Image via WikipediaDividend aristocrats are often used to help guide investment decisions or at least filter down to a set of companies that have a proven record of increasing dividends. The most popular list is the U.S. Dividend Aristocratswhich requires companies to be part of the S&P500 and to have increased their dividends every year for the past 25 years. That’s no small feat. Imagine the compound growth you get from 25 years of dividend increase.
Canadian Dividend Aristocrats Requirements
The Canadian dividend aristocrats list doesn’t have the same requirements. They are a little softer. In order to become a TSX dividend aristocrat, a company must match the following3 criteria:
- It must be listed on the Toronto Stock Exchange and be part of the S&P Canada Broad Market Index (BMI).
- It must have increased dividends every year for the past 5 years.
- It must be worth at least Canadian 300 million dollars.
As you can see, the requirements for dividend increase is not on par with the U.S dividend aristocrats list but it’s still good to see what we have on this side of the 49th parallel.
Canadian Dividend Aristocrats List
Here is the list of Canadian Dividend Aristocrats as of December 2010. I took the liberty to highlight the companies with a 3% yield or more in green and the list is sorted by market capitalization.
I don’t know what expectations I had from the list, but this is not the list I expected. I know nothing of nearly half of the companies on the list. The banks are missing in action considering they had a dividend freeze for the past couple of years but a few telecommunication companies are present.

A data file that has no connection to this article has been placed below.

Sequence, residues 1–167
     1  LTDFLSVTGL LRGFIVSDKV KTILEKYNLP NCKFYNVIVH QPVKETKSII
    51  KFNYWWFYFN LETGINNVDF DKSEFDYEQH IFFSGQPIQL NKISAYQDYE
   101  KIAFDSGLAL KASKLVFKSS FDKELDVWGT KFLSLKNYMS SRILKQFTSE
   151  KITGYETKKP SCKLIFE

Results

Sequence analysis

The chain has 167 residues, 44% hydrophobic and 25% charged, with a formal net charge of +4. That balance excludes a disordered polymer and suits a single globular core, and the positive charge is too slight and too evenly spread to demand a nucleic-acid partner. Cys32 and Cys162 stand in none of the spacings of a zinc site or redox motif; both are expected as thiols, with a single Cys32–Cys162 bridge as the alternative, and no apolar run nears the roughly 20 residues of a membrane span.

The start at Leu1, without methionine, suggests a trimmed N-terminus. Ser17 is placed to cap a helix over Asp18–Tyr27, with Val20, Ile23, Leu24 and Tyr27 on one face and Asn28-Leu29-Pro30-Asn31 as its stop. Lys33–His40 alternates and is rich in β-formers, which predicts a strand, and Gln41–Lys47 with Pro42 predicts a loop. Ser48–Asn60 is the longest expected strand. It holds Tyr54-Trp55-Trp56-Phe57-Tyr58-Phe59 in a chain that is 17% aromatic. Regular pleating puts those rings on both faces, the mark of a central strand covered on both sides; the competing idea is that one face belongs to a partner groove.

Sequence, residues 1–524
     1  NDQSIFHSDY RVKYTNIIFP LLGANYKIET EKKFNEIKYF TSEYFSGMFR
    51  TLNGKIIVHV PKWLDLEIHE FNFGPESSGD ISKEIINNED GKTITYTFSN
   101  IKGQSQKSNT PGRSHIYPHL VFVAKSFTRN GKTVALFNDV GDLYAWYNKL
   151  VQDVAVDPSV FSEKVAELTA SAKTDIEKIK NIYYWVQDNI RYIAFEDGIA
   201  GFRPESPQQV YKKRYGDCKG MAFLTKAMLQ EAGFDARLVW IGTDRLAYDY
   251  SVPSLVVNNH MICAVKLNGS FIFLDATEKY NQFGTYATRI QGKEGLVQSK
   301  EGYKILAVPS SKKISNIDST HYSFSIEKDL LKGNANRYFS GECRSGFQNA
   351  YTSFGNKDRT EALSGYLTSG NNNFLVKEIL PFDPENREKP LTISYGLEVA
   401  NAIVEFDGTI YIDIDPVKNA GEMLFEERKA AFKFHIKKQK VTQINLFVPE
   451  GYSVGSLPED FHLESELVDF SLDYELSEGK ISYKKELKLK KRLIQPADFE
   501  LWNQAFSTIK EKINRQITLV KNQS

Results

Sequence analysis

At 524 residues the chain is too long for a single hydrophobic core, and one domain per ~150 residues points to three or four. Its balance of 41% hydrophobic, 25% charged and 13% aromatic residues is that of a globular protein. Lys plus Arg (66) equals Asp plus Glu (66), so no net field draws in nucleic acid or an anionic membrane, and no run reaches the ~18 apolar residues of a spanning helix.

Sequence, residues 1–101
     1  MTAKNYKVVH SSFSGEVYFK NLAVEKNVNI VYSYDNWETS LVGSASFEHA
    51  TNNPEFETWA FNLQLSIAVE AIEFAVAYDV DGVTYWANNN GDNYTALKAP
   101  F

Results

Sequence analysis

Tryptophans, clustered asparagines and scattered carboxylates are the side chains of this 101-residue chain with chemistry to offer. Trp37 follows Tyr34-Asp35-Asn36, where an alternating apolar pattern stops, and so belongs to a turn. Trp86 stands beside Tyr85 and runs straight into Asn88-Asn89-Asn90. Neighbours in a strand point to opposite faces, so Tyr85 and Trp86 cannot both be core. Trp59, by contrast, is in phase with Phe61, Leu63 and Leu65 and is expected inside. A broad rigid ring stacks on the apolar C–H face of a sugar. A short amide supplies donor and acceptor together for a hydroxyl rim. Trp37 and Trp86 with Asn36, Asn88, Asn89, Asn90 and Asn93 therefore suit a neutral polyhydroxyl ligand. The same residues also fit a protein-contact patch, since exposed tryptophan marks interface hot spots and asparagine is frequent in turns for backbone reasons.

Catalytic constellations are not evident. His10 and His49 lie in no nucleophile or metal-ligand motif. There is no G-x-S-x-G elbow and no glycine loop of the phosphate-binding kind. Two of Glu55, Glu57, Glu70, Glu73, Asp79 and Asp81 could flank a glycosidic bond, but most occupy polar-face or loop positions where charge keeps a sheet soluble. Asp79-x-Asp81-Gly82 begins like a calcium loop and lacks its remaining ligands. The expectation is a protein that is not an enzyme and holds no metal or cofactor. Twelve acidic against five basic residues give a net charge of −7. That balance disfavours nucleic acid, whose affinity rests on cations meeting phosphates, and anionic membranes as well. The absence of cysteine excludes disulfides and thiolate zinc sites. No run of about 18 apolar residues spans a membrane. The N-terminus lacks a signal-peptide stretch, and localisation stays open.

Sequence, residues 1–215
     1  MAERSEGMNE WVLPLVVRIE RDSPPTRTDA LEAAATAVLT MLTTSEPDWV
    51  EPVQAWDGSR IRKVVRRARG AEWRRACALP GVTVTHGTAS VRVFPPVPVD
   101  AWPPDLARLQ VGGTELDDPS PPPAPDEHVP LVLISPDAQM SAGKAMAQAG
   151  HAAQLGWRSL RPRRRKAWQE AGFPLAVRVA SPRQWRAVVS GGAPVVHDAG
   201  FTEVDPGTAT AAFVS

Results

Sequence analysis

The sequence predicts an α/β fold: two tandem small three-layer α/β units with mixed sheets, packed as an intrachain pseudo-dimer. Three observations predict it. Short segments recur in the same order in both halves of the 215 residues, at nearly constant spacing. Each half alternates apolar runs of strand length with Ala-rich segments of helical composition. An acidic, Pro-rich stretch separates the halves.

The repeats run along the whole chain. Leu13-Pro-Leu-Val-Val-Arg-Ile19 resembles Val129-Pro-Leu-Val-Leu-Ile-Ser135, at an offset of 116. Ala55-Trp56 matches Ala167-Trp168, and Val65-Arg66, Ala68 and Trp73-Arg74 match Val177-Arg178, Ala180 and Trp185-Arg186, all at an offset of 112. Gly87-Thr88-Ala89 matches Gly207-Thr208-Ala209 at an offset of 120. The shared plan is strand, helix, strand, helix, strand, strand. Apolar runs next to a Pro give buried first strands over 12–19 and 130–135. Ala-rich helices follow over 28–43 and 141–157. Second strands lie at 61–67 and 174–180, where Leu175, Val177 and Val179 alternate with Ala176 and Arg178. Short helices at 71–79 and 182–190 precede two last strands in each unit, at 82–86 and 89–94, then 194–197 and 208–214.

Addition to the Canadian Dividend Aristocrats List
- Bird Construction Income Fund (BDT.UN) – It recently converted to a corporation.
- Enbridge Income Fund (ENF.UN)
- North West Company Fund (NWF.UN)
- Rogers Communications Inc. (RCI.B)
- Tim Hortons Inc. (THI)
Removal from the Canadian Dividend Aristocrats List
- AltaGas Ltd. (ALA)
- Allied Properties REIT (AP.UN)
- Bell Aliant Regional Communications Income Fund (BA.UN)
- Bank of Nova Scotia (BNS)
- CML Healthcare Income Fund (CLC.UN)
- Canadian Tire Corporation (CTC.A)
- Cominar REIT (CUF.UN)
- Canadian Western Bank (CWB)
- Davis & Henderson Income Fund (DHF.UN)
- EnCana Corporation (ECA)
- Great-West Lifeco Inc. (GWO)
- Industrial Alliance Insurance and Financial Services Inc. (IAG)
- IGM Financial Inc. (IGM)
- Just Energy Income Fund (JE.UN)
- Methanex Corporation (MX)
- Parkland Income Fund (PKI.UN)
- Power Corporation of Canada (POW)
- Power Financial Corporation (PWF)
- RioCan REIT (REI.UN)
- Ritchie Bros. Auctioneers Inc. (RBA)
- Toronto-Dominion Bank (TD)
- Uni-Select Inc. (UNS)
Some really good companies were removed from the list. There are a few banks, insurance companies and some energy companies that make up for a large portion of the TSX that were drop due to their inability to increase their dividends in the past year. For some, it’s simply a temporary set back. For others, the road back to be a dividend aristocrat may be longer.
Readers: What do you think of the list? Do you use it to filter your investments?